There are people who make a lasting impression on you. I met Sandy Asirvatham at the copy machine in the late-1980s. We worked at a publishing company in Times Square, and my desk was in the hallway by the copier, similar to a Saturday Night Live skit soon after. I fixed paper jams for my co-workers, especially the women. Resolving one glitch for Sandy, I told her she owed me a favor. “You can have my first-born if that’s what you want,” she snapped.
I parlayed as many hallway conversations as possible into lunches with female co-workers, and Sandy and I had lunch several times. I remember us laughing in an Indian restaurant because something on the menu sounded like the German epithet dummkopf. I told Sandy she could do stand-up comedy. I believe we almost dated, forming a weekend-day plan that she canceled as her mother wanted her to do something else; just another multiverse path not taken.
She moved to Baltimore, and we lost touch, reconnecting many years later though I haven’t seen her in person since the copy-machine days. Meanwhile, after a career as a writer, she undertook one as a musician, and now goes by the name Sandhya (pronounced SAHN-dia), Sanskrit for light meeting darkness, as at twilight or dawn, as her Indian immigrant parents initially called her. Starting in a jazz-pop mode, she migrated toward rock, reflected in her new album Innocent Monster.
Innocent Monster is an absorbing mix of lyricism and cynicism, displaying unflappable resilience amid somber contemplation. It’s laced with the caustic humor I first heard from my co-worker in the hallway decades ago, now leavened with experience and sliced into tuneful packets. “At the top they’re doing nothing to ensure anyone’s thriving, but their own,” she sings in “Better,” which reads like an anthem of suburban discontent with a daunting list of chores: “merge finances, life insurance, make some babies in her body, or adopt somebody else’s, paint the yard, mow the carpet, install flowers,” yet ends with the modest hope that “she left the place more or less undisturbed. Maybe better? A little bit better.”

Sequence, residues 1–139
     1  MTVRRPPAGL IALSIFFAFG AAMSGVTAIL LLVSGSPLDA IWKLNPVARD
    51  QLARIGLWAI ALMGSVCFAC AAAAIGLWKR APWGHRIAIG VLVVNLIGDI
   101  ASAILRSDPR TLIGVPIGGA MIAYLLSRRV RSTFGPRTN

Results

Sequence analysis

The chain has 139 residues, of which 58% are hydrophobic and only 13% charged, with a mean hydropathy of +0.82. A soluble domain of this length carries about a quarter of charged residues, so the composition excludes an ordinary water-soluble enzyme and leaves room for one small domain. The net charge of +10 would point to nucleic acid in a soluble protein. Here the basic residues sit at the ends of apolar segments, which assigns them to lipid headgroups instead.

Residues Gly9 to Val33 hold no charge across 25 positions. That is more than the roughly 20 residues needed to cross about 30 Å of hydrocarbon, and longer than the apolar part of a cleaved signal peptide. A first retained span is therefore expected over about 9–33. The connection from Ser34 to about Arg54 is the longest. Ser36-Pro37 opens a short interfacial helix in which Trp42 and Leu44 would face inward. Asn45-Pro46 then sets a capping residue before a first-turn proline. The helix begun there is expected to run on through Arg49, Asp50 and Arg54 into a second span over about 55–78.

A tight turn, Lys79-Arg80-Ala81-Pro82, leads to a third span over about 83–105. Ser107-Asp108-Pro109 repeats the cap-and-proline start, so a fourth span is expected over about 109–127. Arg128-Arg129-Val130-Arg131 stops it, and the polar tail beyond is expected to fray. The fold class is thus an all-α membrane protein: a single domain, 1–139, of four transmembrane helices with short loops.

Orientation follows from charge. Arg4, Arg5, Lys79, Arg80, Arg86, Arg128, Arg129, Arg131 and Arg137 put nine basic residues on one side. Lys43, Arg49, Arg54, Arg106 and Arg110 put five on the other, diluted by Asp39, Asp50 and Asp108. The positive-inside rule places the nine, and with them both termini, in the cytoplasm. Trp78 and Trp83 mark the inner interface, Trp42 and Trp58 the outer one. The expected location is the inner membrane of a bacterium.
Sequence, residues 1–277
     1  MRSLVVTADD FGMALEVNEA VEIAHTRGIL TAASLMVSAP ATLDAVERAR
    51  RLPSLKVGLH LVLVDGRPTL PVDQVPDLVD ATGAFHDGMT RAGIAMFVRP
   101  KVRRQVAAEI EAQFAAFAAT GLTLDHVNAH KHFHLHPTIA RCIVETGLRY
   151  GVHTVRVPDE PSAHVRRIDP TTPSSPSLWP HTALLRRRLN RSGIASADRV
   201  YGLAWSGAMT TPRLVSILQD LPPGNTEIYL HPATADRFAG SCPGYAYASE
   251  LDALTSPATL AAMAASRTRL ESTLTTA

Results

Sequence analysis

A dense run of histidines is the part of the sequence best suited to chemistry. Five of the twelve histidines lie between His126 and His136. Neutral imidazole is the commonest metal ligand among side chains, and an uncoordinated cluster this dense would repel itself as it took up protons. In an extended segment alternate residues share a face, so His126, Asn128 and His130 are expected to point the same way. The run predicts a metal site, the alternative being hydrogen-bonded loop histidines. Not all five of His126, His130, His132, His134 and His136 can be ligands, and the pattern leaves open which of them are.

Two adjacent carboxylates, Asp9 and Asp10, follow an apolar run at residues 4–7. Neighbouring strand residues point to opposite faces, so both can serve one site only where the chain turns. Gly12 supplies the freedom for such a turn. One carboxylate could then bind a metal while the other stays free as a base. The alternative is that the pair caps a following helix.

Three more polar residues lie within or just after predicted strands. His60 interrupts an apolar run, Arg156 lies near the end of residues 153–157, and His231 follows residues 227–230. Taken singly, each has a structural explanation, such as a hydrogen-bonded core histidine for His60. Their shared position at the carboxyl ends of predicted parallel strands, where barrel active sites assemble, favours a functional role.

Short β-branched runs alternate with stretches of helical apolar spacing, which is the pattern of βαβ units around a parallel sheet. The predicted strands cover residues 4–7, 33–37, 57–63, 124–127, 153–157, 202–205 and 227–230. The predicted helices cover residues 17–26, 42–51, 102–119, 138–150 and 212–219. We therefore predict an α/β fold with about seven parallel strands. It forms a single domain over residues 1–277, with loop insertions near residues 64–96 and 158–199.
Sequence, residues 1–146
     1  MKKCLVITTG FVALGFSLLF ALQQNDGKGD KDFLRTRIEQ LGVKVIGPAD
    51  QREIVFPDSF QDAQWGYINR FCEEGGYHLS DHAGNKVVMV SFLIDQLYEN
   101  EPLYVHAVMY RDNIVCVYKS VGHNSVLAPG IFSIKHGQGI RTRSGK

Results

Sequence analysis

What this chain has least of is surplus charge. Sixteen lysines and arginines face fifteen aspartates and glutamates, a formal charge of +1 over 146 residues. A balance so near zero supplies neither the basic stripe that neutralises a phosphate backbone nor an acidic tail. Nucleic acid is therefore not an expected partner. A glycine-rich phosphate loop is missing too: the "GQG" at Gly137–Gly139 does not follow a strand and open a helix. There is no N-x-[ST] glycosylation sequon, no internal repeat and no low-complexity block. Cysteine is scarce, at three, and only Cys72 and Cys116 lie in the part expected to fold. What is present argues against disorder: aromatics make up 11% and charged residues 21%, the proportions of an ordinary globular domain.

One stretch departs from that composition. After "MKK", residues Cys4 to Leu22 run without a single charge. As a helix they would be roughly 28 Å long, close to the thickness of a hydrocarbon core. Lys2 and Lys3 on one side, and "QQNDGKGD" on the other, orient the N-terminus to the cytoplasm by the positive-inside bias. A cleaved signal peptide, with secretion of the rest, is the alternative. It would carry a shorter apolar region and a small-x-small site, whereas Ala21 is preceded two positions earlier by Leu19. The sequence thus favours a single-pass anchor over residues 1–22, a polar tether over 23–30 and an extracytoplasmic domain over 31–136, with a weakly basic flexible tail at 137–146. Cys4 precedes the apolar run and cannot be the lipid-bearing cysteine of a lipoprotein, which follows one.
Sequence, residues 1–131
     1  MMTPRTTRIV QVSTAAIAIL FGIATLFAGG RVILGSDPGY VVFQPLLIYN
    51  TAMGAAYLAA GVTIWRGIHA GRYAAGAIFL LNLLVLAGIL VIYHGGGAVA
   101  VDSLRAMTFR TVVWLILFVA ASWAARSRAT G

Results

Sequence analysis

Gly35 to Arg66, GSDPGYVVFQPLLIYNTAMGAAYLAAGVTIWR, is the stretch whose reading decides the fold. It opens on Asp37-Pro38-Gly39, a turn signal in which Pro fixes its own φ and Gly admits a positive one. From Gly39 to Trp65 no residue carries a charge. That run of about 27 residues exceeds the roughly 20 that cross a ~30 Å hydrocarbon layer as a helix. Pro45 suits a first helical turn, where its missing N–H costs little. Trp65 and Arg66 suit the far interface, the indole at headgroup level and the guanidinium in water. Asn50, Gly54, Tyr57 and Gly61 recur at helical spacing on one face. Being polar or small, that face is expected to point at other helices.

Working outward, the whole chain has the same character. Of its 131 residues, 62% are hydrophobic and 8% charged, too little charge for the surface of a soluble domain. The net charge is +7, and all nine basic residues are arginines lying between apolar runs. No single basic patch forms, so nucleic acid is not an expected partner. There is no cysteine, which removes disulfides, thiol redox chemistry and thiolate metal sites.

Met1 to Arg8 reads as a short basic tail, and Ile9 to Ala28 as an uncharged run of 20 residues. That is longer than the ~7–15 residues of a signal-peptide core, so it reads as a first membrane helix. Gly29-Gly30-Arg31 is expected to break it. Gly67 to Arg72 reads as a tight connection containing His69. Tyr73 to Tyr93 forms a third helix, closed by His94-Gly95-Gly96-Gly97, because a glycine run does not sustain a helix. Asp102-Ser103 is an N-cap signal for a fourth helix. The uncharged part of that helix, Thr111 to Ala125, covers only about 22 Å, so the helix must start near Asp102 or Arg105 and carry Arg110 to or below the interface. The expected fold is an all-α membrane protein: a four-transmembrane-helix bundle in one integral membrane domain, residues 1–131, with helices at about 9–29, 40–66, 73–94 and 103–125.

“Last Two Standing” surveys troubled world prospects (“Who will the victors be to write their version of history in the year 2083 when everybody is undersea?”); it offers praise for “the heroes and the saints” trying to “paint a brighter picture,” but also encourages an interlocutor not to lose sight of the personal: “Won't you love me like we are the Last Two Standing?” A similar desire not to be overwhelmed by current events pervades a song called “Innocent”: “I don’t want to know it, don’t want to talk about it, even hear it all debated on the television show. Can’t abide discussion, tolerate dissension, analyze progression. Or come up with alternate scenarios. I want to live my life like an innocent.”
The album’s opening song, “Monster,” suggests something going astray in upbringing and education: “I built a monster in my basement, and tried to teach him how to talk, but he could never manage more than an unintelligible squawk. I sent him up to the state college to earn his history degree, but what he learned there was so gruesome, back to the basement did he flee.” Another song, “The Neighbors,” gives a glimpse of disaffection from a community: “She’s not sure about the neighbors. When they smile at her and wave, do they see a soul to save?”
“Mark Me,” my favorite song on the album, is a paean to passionate love, offering full commitment to a trusted lover, with any desire to be hard-to-get now gone by the wayside: “Close all the windows and the doors. Chain my heart to the floor. Mark me as yours.” The singer’s “not wandering anymore,” she notes, adding that “butterflies yearn for pinning.” As with many of Sandhya’s songs, some kind of balance is struck; “Mark Me” offers an element of submission, emotional or erotic, yet in a confident voice that gives no sense of defeat.
—Kenneth Silber is author of In DeWitt’s Footsteps: Seeing History on the Erie Canal and is on Twitter: @kennethsilber